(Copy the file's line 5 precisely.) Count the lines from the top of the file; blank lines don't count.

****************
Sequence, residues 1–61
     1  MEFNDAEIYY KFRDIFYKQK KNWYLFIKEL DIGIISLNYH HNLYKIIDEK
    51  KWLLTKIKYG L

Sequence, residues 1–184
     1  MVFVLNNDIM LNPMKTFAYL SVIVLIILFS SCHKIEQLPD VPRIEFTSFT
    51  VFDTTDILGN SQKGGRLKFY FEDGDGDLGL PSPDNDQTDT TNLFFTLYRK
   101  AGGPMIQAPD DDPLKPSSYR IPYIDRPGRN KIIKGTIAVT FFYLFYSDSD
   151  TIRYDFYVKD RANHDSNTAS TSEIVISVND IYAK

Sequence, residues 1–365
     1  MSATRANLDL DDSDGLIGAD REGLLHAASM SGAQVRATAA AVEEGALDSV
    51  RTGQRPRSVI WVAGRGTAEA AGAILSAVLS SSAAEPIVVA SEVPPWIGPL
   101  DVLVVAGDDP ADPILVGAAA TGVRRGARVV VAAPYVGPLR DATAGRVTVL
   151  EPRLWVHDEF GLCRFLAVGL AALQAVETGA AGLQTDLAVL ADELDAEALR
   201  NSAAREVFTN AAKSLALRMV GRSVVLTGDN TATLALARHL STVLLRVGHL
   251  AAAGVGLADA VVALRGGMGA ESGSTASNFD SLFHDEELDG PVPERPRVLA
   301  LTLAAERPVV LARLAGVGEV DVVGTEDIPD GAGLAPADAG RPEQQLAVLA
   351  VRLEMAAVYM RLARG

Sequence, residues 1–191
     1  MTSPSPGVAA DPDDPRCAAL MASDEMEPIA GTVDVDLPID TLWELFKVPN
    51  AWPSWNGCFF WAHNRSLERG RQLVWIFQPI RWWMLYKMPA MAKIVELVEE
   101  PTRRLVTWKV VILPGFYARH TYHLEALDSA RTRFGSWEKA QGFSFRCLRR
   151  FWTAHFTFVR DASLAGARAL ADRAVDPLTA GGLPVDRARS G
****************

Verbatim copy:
     1  MVFVLNNDIM LNPMKTFAYL SVIVLIILFS SCHKIEQLPD VPRIEFTSFT